HOA fraud trial kicks off this week

Article Courtesy of The Las Vegas Review-Journal

By Jeff German   

Published February 25, 2015


The trial was delayed for 18 months as defense lawyers struggled to review more than 3 million pages of documents prosecutors collected during the long-running investigation. The jury selection process is set to begin Wednesday.

A pool of about 225 prospective jurors has been asked to fill out a 20-page questionnaire to help guide the lawyers and the judge through the selection process. Both sides expect to use the questionnaires to weed out some of the members of the pool before they get to court Wednesday.

Gregory’s lawyers had sought a change of venue, fearing they could not get a fair trial because of what they argued was years of prejudicial news coverage, primarily by the Las Vegas Review-Journal, but they lost that effort.

Benzer pleaded guilty several weeks after the Review-Journal published a story on his failed plea negotiations in summer 2011. The story was based on government reports, briefly made public in the electronic court file, in which Benzer laid out his leading role in the scheme to investigators.

Without Benzer to stand trial, prosecutors are streamlining their case against the remaining defendants.

The case dates to November 2007, when the FBI launched the investigation after construction defects lawyer Scott Canepa secretly provided them with evidence he had uncovered. Less than a year later, the investigation, aided by Las Vegas police and the Internal Revenue Service, became public with raids across the valley at law firms, HOA offices and Benzer’s businesses, including his Silver Lining Construction Co.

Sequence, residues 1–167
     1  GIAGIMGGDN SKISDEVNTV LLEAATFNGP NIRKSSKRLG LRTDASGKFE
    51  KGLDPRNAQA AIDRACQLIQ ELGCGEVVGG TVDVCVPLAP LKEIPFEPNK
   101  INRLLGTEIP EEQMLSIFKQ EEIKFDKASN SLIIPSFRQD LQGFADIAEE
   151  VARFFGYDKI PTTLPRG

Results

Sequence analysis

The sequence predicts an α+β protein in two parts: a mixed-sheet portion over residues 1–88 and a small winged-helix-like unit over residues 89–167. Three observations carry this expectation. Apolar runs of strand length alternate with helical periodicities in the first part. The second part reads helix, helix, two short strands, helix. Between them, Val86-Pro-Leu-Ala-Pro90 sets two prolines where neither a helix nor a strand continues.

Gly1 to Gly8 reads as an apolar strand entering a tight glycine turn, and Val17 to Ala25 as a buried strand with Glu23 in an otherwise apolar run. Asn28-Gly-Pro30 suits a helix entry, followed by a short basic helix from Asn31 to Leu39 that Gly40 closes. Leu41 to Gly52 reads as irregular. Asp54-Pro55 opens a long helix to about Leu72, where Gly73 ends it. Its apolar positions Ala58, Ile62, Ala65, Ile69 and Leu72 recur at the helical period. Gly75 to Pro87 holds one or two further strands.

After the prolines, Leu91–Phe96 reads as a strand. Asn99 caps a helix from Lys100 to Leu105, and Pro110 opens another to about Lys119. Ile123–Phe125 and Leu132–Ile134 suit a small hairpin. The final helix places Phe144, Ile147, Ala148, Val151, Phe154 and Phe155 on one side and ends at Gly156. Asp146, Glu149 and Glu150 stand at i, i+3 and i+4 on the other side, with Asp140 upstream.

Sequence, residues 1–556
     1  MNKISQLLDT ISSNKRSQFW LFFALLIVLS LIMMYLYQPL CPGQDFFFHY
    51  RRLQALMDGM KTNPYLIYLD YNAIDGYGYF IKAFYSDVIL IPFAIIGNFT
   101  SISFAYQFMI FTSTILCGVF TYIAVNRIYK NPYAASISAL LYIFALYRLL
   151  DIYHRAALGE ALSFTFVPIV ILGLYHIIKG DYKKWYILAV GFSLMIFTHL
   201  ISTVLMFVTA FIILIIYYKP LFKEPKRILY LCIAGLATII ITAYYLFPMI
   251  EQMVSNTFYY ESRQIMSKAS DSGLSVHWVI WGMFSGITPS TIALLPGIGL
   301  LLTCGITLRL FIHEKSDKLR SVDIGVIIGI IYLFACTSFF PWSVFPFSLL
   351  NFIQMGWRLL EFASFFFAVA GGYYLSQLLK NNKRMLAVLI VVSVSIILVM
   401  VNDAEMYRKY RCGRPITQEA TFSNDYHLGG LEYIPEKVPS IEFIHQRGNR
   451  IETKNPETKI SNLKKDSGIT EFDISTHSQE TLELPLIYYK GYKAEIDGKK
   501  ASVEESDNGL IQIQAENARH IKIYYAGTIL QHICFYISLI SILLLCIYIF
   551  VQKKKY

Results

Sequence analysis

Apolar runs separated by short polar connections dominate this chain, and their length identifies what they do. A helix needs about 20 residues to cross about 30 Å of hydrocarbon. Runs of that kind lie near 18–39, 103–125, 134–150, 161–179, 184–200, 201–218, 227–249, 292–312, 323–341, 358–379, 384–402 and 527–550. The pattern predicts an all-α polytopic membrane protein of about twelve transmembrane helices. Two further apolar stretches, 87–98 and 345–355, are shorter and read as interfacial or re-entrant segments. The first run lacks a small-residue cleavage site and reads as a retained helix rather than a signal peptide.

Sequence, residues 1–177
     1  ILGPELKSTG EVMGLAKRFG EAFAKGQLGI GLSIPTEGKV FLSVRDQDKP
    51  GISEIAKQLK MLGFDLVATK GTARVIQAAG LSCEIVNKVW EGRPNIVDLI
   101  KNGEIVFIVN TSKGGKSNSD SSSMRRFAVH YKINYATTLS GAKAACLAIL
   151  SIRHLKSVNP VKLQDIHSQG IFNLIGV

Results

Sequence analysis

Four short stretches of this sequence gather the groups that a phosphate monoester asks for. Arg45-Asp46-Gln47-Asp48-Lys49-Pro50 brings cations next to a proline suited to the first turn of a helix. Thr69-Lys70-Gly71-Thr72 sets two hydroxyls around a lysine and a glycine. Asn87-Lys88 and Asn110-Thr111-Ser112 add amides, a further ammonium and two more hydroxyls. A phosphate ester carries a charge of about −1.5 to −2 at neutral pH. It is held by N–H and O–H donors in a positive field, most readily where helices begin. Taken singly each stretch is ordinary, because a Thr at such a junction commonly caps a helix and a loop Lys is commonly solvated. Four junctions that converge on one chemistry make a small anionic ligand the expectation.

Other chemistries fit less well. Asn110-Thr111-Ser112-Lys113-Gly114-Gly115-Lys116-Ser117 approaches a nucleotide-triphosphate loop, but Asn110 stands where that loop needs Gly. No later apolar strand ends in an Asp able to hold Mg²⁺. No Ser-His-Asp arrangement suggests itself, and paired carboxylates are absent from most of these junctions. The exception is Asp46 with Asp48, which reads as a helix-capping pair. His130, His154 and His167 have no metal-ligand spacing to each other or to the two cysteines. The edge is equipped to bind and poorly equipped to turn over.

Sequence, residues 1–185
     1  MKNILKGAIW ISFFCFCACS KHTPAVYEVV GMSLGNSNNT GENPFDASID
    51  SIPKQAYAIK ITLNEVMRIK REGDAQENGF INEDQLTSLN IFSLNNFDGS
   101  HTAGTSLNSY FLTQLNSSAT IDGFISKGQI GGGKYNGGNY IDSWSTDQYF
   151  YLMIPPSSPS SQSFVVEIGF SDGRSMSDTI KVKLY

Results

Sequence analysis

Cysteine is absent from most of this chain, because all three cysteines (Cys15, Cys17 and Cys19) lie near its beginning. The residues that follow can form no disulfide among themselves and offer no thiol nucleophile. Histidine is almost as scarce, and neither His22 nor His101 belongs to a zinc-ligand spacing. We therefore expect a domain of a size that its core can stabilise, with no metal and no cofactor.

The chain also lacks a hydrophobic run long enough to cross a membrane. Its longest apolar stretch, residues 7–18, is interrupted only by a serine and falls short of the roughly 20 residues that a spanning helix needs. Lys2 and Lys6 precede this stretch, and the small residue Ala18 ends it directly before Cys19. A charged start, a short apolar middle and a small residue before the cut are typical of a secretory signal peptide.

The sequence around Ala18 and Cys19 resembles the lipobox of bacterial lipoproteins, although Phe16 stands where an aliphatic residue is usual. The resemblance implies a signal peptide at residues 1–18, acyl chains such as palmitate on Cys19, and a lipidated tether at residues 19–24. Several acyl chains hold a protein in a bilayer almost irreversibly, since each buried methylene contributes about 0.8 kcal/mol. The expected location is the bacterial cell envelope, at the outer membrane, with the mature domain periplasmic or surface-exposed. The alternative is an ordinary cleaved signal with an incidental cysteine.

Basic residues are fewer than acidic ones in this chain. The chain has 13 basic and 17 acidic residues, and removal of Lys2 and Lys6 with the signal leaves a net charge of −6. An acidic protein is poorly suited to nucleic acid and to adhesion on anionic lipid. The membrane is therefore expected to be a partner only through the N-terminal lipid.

Justice Department lawyers took the reins of the case from the U.S. attorney’s office in Nevada in late 2010 after allegations surfaced that leaks were coming from the office to the targets of the investigation. The Justice Department investigated the allegations but could not substantiate them.

Charles La Bella, a Justice Department deputy chief, is leading the HOA prosecution team, which includes two veteran investigators, FBI agent Mike Elliott and Detective Robert Whiteley.

From its beginning, the investigation struck deep into the heart of the justice community, targeting judges, lawyers and former police officers. No judges were ever charged, but four lawyers —David Amesbury, Jeanne Winkler, Brian Jones and Barry Levinson — ended up striking plea deals with the government.

Months after his guilty plea, Amesbury hanged himself at his brother’s home in Northern California. His March 2012 death came five days after wealthy construction defects lawyer Nancy Quon, one of the conspiracy’s central figures, committed suicide in a drug overdose at her Henderson condominium. Quon had not been charged in the investigation at the time.

Jones worked at the once-influential law firm Kummer Kaempfer Bonner Renshaw & Ferrario, which abruptly broke up in 2009.

Several lawyers on the periphery, but not charged — John Leach, Mark Kulla and Sigal Chattah— are among the government’s trial witnesses.

Canepa’s name, however, is conspicuously absent from the witness list.